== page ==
CLEVELAND — Three candidates filed their petitions on Wednesday to enter the Cleveland mayoral race. Dennis Kucinich, Basheer Jones, and Landry Simmons all got their paperwork into the Cuyahoga County Board of Elections before the 4:00 p.m. deadline.
Kucinich, who announced his campaign earlier this week, is attempting to win the office he formerly held more than four decades ago.
According to Kucinich's campaign, he submitted nearly 6,000 signatures to qualify for the September primary ballot. The process requires at least 3,000 verified signatures to be included in the race.
"Crime is the Number 1 issue,” Kucinich told reporters at the Cuyahoga County Board of Elections. “The question is who can Clevelanders trust to ensure that our neighborhoods are safer? Who has demonstrated the strength, the experience and the know-how to take on the criminal elements who are ruining our city?”
Jones, a Cleveland City Councilman, announced his mayoral bid in early May. His campaign said he filed his petition to join the ballot at 10 a.m. Wednesday.
“Effective leadership is crucial. It is the mayor that people will look to provide vision, inspiration, and love. I am the person who will provide a better Cleveland for all,” Jones said in a press release. “We are ONE Cleveland. I am an advocate of bridging the gap between the east and the west. The true pleasure I will receive out of being the City’s next mayor is that I will be everyone’s neighbor.”
His campaign said Jones turned in more than 6,500 signatures when filing his petition.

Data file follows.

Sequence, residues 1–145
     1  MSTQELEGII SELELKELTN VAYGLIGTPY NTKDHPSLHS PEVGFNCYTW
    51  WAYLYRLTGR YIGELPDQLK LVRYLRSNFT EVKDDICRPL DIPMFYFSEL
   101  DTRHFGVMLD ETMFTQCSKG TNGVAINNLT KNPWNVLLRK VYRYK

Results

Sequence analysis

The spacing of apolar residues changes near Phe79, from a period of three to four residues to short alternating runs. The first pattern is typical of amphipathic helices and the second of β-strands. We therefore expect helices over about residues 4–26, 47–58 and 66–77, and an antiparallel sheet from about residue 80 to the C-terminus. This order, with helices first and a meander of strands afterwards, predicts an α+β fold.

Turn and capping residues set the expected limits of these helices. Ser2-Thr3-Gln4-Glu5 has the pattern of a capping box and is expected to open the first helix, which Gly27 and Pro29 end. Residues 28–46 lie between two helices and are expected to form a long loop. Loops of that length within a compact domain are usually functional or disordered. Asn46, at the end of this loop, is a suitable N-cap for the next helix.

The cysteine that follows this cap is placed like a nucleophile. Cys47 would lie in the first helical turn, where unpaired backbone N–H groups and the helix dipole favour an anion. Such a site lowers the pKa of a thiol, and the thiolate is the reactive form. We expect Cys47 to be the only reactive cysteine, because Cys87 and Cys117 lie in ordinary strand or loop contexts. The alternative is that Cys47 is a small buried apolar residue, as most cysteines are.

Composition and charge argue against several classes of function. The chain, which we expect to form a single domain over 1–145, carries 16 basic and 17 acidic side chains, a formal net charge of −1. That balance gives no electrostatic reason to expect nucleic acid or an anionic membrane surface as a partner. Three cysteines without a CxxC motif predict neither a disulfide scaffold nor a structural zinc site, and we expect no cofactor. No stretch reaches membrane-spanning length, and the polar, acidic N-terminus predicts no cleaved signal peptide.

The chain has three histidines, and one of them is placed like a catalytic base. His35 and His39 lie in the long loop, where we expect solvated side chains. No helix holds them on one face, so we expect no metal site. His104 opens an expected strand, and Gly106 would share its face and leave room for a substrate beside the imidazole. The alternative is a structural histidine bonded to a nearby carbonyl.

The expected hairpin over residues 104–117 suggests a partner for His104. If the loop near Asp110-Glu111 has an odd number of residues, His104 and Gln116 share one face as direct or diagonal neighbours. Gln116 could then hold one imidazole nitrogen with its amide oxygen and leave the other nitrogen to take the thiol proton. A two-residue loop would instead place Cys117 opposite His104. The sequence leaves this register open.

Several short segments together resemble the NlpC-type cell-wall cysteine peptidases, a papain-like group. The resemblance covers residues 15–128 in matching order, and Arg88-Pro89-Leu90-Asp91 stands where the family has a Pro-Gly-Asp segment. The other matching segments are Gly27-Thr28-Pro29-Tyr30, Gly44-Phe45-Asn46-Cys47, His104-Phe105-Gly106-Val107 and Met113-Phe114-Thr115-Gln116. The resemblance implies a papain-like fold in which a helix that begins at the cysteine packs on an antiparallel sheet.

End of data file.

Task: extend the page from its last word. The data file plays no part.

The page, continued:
Also on Wednesday, Cuyahoga County Deputy Sheriff Landry Simmons filed his petitions for mayor of Cleveland. Simmons, formerly a police officer with the Cuyahoga Metropolitan Housing Authority (CMHA), serves as a member of the Cuyahoga County Republican Party Committtee.
Simmons' campaign reports that he amassed more than 5,100 signatures.
The following candidates have also announced their mayoral bids and filed petitions by Wednesday's deadline:
Last month, Cleveland Mayor Frank Jackson revealed that he would not be seeking re-election. He offered the following advice to his successor when talking with 3News' Russ Mitchell: “Stay on your game. If you come into this game wanting to be mayor, or if you come into this game using the position of mayor as a stepping stone then you’re going to fail. If you come to the game with the intent to do right by the people and do right by the city, you’re not going to get all the credit and you’re going to get criticized a lot for that and many times by the very people you’re trying to help. Don’t come here looking for praise, come here to do the work. If you’re not willing to do the work and put the work in, then you’ve got the wrong job.”